CONTRIBUTORS

E. Education; Philosophy of Deliberative Democracy > DELIBERATIVE DEMOCRACY IN PRACTICE (Collection Now in Print)

"Deliberative democracy in almost all of its forms requires a more active citizenry and one with crucial dispositions, aptitudes, and virtues. Deliberative democratic citizens must be disposed to seek agreement with other citizens, possess deliberative traits that facilitate this process, and adopt a questioning, potentially critical, attitude toward their own
conceptions of the good. Plainly, the development of the deliberative democratic personality requires an ambitious educational project. How does a full reckoning with the requirements of deliberative democracy change educational
theory and practice?" (7)

"The issue of deliberative engagement across deep differences leads straight to a second cross-cutting theme, to do with the characterization of the virtues necessary in a deliberative polity. If value pluralism is in fact at the heart of political disagreement, as some of the chapters in this volume assume, then the virtues of reflexivity, reciprocity, and “distanciation” with respect to one’s own values really are required. But these virtues may be less essential when conflict is viewed as a clash of political interests, as other chapters emphasize; indeed, where disputes are grounded in political conflict rather than value pluralism, the call to abstract from one’s conception of the good, or from individual and community interests, can seem like a pernicious move in a political game. What better way for a hegemonic group to entrench its power than by requiring that subaltern groups not pursue their interests or their conceptions of the good within deliberative settings? Other chapters, notably those of Fishkin and Richardson, suggest that institutional context is as important as subject matter in determining the traits of character that deliberators manifest or ought to manifest. Deliberation, after all, occurs notin the abstract but in concrete institutional contexts. These contexts orient deliberation by providing it with specific tasks; deliberation can aim for a binding decision or, much more modestly, it can aim to provide decision makers with (non-binding) input. These different tasks of deliberation affect the moral psychology of participants, the delineation of appropriate virtues,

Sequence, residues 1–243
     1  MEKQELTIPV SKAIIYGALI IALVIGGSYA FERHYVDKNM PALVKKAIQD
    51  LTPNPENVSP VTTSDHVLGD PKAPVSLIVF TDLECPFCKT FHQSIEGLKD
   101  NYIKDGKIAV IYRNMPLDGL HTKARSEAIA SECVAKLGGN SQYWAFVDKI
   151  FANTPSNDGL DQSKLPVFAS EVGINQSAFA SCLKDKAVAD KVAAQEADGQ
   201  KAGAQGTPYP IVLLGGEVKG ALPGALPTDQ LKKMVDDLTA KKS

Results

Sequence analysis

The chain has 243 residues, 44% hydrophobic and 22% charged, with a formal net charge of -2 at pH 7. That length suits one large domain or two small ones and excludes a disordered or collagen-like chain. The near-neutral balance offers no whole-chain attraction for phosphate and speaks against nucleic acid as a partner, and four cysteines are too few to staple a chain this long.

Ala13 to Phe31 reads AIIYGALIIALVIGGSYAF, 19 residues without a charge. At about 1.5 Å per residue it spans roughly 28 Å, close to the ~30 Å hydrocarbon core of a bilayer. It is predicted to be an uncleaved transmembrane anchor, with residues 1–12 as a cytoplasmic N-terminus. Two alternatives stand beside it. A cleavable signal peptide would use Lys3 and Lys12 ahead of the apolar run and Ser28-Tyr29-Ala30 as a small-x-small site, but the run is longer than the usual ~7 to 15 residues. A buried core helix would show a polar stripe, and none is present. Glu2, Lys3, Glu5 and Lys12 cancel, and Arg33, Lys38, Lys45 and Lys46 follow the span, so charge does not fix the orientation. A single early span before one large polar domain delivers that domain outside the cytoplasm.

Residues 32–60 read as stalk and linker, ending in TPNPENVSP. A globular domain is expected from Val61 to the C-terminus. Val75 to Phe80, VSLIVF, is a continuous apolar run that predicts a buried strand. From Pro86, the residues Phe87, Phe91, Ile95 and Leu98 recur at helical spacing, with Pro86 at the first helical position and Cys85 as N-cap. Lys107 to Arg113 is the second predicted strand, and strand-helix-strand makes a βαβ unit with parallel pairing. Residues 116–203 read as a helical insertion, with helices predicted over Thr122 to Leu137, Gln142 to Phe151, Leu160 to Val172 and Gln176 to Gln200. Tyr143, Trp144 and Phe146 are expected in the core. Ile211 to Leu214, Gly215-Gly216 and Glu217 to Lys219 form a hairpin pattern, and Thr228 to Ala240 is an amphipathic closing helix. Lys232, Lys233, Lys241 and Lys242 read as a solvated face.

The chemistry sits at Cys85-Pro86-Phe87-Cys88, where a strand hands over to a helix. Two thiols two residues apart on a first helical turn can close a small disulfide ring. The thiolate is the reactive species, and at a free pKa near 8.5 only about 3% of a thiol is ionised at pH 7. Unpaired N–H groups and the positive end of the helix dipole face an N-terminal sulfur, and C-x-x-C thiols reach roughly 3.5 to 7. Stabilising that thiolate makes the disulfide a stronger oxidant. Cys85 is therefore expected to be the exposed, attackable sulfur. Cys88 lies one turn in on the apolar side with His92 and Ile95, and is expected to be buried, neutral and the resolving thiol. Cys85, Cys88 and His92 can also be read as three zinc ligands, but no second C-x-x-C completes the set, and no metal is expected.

and the mechanisms needed to inculcate these virtues" (13-14).
August 3, 2010 | Registered CommenterGuy Axtell